Thursday, May 17, 2012

A Breath of Eyre

Author: Eve Marie Mont
Publisher: Kensington Teen
Released: April 2012
Genre: YA (Fantasy)
Series: First of Emma's story (next books: A Touch of Scarlet,  A Phantom Enchantment)
Source: ARC from Publisher
Challenge: 2012 YA Debut, Speculative Romance, YA/MG Fantasy
I heard recently that there's been a study which found that the act of reading actually affects the brain in a way that makes the reader identify strongly with the character - in fact, in the brain, it's as if the reader has assumed the persona of the character while she's reading. Fascinating stuff. Who hasn't daydreamed about living the life of a captivating character they've read about? I certainly have. And Eve Marie Mont takes that fantasy and makes it real with A Breath of Eyre and with the rest of the series, where Emma, book lover extraordinaire, finds herself transported to the worlds of the characters she is reading about.

The book begins by introducing Emma as a girl who just doesn't fit in - not in her family, where her dad has become distant to her ever since her mom's death and her stepmother is just so different, not in her fancy prep school where she attends as a scholarship student and can't stand the snooty politics of the popular girls, and definitely not with Gray, the "family friend" for whom she's always harbored feelings and yet can't seem to have any relationship with beyond snide bantering. Emma is a truly likable character. There are pockets of darkness in her apparent from the opening scene of the book, when she escapes her own birthday party for a swim at a really bad time. That's the first of her harmful experiences - she lands in the hospital four times in the span of one year!

But it's her hospital visits that are the key to the book. Beginning with her first visit, after she's been struck by lightning, her times in a coma correspond to the times when she visits Thornfield and lives with Mrs. Fairfax, Adele, and Rochester, of course. The way Emma is introduced to this life is brilliant - though at first confused, she almost immediately begins acting the part of Jane, and she slowly loses memory of being Emma. I do like that this doesn't keep up throughout the book - it's effective in this instance by grounding her firmly enough in this world so that it's believable, but the process of her forgetting and remembering would have been tedious had it continued.

Emma, as Jane, forms a relationship with Rochester, closely mirroring the fantasized relationship she has with Mr. Gallagher, her English teacher. But through this relationship with Rochester, she learns about true love and forgiveness, and she makes choices in both worlds stemming from her new understanding. The thing is, the correlation between Emma's world and Jane's relies too heavily on this one connection, and I didn't find that it followed through for the rest of the details of the book. Yes, other characters from Emma's world appear in Jane's - Mrs. Fairfax is Madame Favier, her French teacher; Adele is Gray's little sister; Elise, the villain in Emma's world, is Blanche Ingram vying for Rochester's attention. But the why of these connections is missing. And then, the plot strains a bit in asking the reader to see Gray as Emma's Mr. Rochester, after she's become disgusted with Mr. Gallagher. First of all, how could there be two Rochesters? And besides, once Emma has decided she can't forgive Rochester the way Jane did, why is Gray - the good guy - connected to him?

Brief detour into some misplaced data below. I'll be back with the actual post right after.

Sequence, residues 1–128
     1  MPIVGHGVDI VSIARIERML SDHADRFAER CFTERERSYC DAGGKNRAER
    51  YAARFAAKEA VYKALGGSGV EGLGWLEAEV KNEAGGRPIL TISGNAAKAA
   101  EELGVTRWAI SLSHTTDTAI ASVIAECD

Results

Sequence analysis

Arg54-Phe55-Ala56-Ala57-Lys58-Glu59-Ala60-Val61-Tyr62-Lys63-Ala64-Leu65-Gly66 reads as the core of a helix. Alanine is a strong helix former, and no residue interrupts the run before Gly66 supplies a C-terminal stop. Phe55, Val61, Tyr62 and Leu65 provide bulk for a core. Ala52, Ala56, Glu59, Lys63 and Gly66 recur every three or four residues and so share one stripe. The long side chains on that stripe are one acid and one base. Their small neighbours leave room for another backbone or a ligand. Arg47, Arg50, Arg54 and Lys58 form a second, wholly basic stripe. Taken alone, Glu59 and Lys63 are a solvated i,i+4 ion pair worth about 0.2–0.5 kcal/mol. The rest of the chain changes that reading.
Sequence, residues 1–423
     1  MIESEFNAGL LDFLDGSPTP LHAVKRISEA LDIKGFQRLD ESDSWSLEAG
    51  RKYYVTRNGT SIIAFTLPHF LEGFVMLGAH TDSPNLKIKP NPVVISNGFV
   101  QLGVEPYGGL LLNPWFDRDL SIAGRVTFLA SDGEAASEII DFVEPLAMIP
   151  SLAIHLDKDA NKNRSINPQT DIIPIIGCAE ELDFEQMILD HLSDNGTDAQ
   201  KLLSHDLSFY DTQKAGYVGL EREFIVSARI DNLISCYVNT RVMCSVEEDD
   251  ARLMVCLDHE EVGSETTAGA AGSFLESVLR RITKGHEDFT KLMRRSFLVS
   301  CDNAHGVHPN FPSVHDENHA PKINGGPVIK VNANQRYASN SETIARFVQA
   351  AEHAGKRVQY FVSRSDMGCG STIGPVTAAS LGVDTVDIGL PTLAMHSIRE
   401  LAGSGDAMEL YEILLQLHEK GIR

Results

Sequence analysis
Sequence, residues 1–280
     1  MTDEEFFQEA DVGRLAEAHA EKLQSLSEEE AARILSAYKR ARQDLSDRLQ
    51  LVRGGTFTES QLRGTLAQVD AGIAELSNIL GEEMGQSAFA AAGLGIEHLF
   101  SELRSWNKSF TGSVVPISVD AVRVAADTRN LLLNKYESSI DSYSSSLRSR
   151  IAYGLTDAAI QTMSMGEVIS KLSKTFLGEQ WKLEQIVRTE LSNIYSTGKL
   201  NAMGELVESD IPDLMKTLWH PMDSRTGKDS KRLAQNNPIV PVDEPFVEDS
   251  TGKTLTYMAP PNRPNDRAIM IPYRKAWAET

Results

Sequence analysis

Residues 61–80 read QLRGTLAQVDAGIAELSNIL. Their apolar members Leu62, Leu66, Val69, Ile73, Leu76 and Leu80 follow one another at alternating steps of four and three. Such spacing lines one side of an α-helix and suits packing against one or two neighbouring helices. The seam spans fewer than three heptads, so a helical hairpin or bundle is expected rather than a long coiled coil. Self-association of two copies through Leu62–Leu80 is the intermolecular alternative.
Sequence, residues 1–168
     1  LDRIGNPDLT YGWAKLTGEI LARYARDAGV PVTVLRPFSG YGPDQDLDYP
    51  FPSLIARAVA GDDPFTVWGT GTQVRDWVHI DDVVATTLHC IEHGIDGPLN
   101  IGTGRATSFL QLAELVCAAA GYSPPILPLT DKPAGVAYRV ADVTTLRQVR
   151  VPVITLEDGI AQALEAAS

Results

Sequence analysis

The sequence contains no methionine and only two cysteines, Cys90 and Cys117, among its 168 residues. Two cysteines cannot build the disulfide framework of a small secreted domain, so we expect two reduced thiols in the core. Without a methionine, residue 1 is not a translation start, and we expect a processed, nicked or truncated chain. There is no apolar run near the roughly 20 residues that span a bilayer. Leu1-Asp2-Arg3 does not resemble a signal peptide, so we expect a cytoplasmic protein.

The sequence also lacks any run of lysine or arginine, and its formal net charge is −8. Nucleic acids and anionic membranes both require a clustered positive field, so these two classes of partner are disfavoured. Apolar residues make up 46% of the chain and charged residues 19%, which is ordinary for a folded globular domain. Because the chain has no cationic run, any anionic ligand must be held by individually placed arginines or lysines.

By midway through the book, Emma has begun to have a serious relationship with Gray. Gray seems wonderful - with dark secrets of his own, that's true, but the perfect boyfriend, sweet and considerate and darkly handsome. The relationship between Emma and Gray develops slowly, realistically considering their pasts, shared and separate. But there are some inconsistencies leading to a rather tidy finish. Emma turns away from Gray when at one point he says that he needs her because she makes him better. Emma doesn't want to be needed, she wants to be loved. But then, after she and Gray haven't spoken for some time and Emma is miserable about it, someone says to her, "He doesn't need cooling down, child. He needs you," and that prompts Emma to go back to him. The reasoning there is off - that's the reason she ditched him in the first place!

Then there's the ending. The last chapter begins with a paragraph set off by a line break from the rest of the chapter, in which Emma says there are things she'll never understand, including how it actually happened that she was living in Jane's world. From the excerpt in the back of the book from A Touch of Scarlet, I assume that this will be more fully explored there, but it left me unsatisfied for now, especially in regard to Emma's mother. Her "dreams" of Thornfield show her things about her mother, and I expected that to be explained, especially since the copy of Jane Eyre that Emma reads was once her mother's. But if she is connected somehow to Jane, why does she continue to go into other characters' stories?

That is actually something I'd like to find out, so I do plan on reading the following books in the sequence. And I have to say, as I was reading the book, up until the last twenty pages or so, I was thinking what a great book this is. I was too disappointed by the way things turn out, though, to give this a positive review. It felt like the concept started off strong and then petered out, and that ruined the whole book for me.

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